Hike in tax on diesel cars unlikely before Budget

Shishir Sinha Roudra Bhattacharya New Delhi | Updated on September 09, 2012

Diesel Cars

Diesel cars are unlikely to attract any additional taxes before the Budget next year. Government officials believe such a decision will be independent of the proposed diesel price hike of Rs 4-5 per litre.

“The file with the detailed proposal from the Petroleum Ministry, along with observations of the Finance Ministry, auto industry and others, are with the Finance Minister, P. Chidambaram. Now he has to take a call on the sensitive issue,” a senior Government official told Business Line.

Interestingly, the nodal Ministry for the auto industry — the Ministry for Heavy Industries — seems to be falling in line with the Petroleum Ministry.

A senior official in the Ministry of Heavy Industries said: “How long can we support the auto industry’s demands for not raising the tax when the fiscal situation is becoming really difficult to handle? We believe a decision can be taken in the next Budget.”


Finance Ministry officials said there is no tariff cushion available. So, a change in duty will require an amendment in the Finance Bill.

Alternatively, the Finance Ministry can issue an ordinance or notification using the emergency power to raise the tax before the Budget, or even before the Winter Session. Auto sales numbers also seem to further the case for a higher duty on diesel cars. Industry sources reveal that diesel cars and Sports Utility Vehicles (SUVs) now account for over half the cars sold. With more companies coming out with diesel models and the increasing price differential vis-à-vis petrol, diesel car sales are set to increase even more.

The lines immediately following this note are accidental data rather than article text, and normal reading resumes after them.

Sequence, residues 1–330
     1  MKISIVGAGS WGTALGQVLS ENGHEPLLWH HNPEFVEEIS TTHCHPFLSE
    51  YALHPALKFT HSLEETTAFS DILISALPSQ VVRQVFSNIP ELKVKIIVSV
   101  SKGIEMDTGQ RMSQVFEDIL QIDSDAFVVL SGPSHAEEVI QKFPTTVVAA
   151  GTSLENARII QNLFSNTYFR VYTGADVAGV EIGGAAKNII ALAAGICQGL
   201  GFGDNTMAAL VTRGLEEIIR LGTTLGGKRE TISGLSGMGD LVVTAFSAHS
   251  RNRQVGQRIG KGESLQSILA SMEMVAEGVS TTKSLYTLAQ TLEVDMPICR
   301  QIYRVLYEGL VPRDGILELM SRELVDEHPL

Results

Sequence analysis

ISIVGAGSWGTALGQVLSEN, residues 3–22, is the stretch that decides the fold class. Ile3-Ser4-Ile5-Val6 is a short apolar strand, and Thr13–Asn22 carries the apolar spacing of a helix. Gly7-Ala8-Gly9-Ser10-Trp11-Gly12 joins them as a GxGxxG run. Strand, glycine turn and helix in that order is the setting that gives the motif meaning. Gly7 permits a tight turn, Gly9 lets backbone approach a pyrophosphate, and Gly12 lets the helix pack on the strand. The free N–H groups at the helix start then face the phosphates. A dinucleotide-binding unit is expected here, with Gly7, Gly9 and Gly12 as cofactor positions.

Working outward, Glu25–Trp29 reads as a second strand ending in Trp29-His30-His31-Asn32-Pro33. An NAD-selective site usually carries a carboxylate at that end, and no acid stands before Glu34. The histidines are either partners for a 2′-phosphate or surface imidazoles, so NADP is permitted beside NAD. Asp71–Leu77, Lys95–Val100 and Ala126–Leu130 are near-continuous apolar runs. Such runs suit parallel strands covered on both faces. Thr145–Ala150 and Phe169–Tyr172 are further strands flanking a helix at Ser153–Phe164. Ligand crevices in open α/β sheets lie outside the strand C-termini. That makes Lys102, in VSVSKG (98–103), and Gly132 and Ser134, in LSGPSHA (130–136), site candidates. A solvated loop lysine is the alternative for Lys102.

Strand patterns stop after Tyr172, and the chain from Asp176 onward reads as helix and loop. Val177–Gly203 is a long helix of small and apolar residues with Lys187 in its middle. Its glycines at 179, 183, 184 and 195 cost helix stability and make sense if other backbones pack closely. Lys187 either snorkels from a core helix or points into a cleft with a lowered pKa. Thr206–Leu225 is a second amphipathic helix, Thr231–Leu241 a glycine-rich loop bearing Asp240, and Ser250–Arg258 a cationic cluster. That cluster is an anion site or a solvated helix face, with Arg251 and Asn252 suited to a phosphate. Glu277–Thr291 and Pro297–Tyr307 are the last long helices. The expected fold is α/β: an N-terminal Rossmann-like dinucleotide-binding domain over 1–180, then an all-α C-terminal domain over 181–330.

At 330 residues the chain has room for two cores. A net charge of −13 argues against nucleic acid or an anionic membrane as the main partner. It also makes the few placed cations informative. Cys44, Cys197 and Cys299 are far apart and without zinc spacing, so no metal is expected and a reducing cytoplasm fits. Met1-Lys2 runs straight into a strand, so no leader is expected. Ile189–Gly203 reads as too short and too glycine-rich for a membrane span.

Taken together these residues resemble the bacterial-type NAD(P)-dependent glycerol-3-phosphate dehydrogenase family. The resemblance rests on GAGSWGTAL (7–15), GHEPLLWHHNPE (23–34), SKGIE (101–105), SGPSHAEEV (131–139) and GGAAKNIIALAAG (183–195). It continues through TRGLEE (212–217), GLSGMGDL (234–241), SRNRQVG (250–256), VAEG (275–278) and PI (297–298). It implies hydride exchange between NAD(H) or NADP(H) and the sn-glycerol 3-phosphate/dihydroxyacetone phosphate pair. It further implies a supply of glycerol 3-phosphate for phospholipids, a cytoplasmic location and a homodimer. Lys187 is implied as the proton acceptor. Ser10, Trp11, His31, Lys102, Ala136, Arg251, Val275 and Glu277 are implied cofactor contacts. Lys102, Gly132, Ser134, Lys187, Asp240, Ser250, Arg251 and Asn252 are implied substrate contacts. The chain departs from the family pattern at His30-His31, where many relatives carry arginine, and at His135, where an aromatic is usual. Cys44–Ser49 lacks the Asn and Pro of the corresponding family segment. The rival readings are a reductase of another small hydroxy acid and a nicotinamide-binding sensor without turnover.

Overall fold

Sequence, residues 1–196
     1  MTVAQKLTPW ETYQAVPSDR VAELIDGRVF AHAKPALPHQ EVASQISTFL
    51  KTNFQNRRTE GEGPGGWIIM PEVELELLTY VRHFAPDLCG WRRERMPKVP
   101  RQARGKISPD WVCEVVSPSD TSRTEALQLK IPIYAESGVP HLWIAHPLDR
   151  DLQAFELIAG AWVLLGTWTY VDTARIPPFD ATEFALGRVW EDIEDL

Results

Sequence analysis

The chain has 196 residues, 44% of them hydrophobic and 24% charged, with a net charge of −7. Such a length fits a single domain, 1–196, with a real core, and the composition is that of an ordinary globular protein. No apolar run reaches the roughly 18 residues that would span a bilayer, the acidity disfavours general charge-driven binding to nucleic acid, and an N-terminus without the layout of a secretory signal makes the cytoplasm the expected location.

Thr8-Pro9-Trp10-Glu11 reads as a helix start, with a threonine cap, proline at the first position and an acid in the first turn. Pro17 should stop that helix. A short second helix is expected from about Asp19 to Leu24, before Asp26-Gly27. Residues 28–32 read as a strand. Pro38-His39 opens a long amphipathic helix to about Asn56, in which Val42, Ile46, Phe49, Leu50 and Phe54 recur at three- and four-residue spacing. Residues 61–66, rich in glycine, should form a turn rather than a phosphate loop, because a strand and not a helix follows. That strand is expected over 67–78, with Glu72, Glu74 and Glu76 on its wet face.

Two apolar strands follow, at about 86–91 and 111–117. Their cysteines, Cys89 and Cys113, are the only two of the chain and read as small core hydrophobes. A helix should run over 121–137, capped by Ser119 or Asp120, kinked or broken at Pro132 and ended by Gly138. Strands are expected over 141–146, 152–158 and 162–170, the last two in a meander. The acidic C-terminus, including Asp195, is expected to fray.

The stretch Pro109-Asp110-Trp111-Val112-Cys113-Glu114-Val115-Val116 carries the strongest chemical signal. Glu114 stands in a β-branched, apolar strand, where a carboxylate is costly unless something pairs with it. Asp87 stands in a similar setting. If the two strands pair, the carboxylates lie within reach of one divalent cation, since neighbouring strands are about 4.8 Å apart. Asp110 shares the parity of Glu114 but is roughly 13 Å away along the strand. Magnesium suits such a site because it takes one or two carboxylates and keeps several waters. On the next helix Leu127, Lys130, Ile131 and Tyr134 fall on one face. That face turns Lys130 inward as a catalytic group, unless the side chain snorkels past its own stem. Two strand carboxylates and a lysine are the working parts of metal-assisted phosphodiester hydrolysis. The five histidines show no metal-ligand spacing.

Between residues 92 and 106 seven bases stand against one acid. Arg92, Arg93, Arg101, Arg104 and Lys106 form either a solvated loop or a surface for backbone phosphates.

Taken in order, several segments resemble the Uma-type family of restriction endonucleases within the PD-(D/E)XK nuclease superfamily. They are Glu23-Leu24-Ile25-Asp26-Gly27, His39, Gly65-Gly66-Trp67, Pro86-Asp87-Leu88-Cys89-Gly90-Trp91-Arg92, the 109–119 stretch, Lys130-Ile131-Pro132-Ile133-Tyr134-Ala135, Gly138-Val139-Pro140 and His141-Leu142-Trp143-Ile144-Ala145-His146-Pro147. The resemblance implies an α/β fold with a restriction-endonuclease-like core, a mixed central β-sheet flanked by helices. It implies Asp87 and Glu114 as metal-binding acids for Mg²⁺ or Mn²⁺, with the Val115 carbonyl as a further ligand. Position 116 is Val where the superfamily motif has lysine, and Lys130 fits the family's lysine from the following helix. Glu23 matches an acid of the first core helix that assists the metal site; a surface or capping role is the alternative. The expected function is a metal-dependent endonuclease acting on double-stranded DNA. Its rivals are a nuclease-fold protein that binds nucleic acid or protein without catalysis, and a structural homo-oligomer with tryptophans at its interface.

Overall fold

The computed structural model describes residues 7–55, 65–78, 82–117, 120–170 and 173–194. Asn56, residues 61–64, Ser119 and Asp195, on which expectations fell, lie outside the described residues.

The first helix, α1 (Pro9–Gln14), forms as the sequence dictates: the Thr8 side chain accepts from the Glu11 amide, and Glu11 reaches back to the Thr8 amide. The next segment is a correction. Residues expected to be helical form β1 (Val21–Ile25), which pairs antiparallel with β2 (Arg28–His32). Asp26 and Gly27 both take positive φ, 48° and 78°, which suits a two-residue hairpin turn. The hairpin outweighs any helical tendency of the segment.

Subsidy offset

In June, the Petroleum Ministry sought imposition of additional excise duty of Rs 1.7 lakh on small diesel cars and Rs 2.55 lakh on SUVs. The assumptions for additional duty rest on the average life-span of 10 years and mileage of 18 km for small cars and 12 km for SUVs. The Ministry’s argument is that the amount collected by way of additional duty could partially offset the subsidy payout for petroleum products.

In a discussion on this issue between the Finance Ministry and the auto industry, the latter, as expected, opposed the Petroleum Ministry’s recommendations.

With Pranab Mukherjee’s elevation to Rashtrapati Bhavan, a report on these deliberations was sent to the Prime Minister’s Office. “Since a full-time Finance Minister has been appointed, the file has come back from the PMO without any comment,” the official said.


Published on September 09, 2012

Follow us on Telegram, Facebook, Twitter, Instagram, YouTube and Linkedin. You can also download our Android App or IOS App.

This article is closed for comments.
Please Email the Editor

You May Also Like